Lost Souls

Chong Kok Choon

23 September – 15 October 2017

Chong Kok Choon is a photo artist. His interest has taken him to the hinterlands of Cambodia, the mountainous region of Tibet and up the river Ganges in India. Living the life of a travel documenter, he seeks every opportunity to hone his skills and techinques in photography. He would capture anything and everything worthy of a story he wants to tell with his Nikon, Panasonic, Fuji and Leica cameras, depending on the scenario he wants to depict, all with great content, technique and composition skills. As far as his eagle eyes can see, his armoury of gadgets strapped onto his pinions remains his most vicious weapon of prey. With each sojourn, there is always something new for him to learn, adapt and discover, and it helps to open his eyes on humanity. The whole new realisation and experience to share, have brought him a string of accolades and special mentions from renowned photography contests worldwide.

This series of works exhibited is a different tapestry from his usual oeuvre albeit a salient one. It is this extended flair of his varied photo shooting skills that has helped him weave his debut as an Art Photographer to be reckoned with. Out of the whole series of twenty-five images titled ‘Lost Souls’ exhibited in this show, twelve of these images never been exhibited nor sold before this exhibition, has earned him a Merit Award granted by the prestigious photography magazine, Black and White, USA. His location was a toy factory he chanced upon in the outskirts of Chiangmai, Thailand. There, he loomed a story he long cared about – human frailties. In-situ-ally, he warped and wefted his storyline, taking into consideration the angle and availability of natural light source to compliment the artificial ones he uses, and breathed life into these dolls. None of these dolls and its background appearing before his eyes was ever re-worked, re-organised or re-arranged.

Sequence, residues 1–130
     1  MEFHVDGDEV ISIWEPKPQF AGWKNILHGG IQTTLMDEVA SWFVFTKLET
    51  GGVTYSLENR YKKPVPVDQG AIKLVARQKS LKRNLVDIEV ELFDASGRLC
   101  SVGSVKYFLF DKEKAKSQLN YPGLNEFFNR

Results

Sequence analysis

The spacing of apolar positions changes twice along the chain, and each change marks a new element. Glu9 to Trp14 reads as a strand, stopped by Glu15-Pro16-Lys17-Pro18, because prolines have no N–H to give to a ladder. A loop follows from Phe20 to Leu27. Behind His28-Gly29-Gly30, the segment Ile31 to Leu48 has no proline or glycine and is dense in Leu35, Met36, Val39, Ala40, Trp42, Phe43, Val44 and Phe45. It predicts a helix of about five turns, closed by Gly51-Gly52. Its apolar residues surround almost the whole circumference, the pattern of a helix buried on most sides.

To the first time viewers, this series looks horrific. And to a certain extent, nightmarish. When I first viewed it, it gave him such pleasure to watch my goose pimples rise. But truth be told, all these images froths an age-old social illness up to the brim so that his viewers could ponder and discern. Within the confines of its frame lies these images all basked in twilight, mirroring the destructive state of us, sentient beings – creatures of god and movers of the world whom all day long, only care about the ‘worldly’ concerns. Our walk towards utopianism is thus stifled, as we conveniently ignore the streets leading towards it, laden with long casting shadows of plight, of cataclysmic behaviour, and important issues plaguing us to disparity.

Whilst the pitching cries of agony and pleas for mercy resonate throughout the globe, the trauma inflicted upon the helpless weaker opponents, scars for life. These scars like an epidemic will one day manifest, clone itself and lurk upon its next unsuspected victim, as abuse, calamity, atrocity and anger, affecting all innocent mankind that stood along its way.

Thus, through his lens, we can physically examine the dangers of hostility, of neglect, and how culpable we as humans are, in one close proximity. It also exposes the morbid truth about us- what we are capable of, if our emotions are left unchecked. And the end result is almost always, never neat. We are but lost souls rummaging up others to be like the lost souls we equally are, in a frontier made for smiles, and that is not an acceptable requiem.

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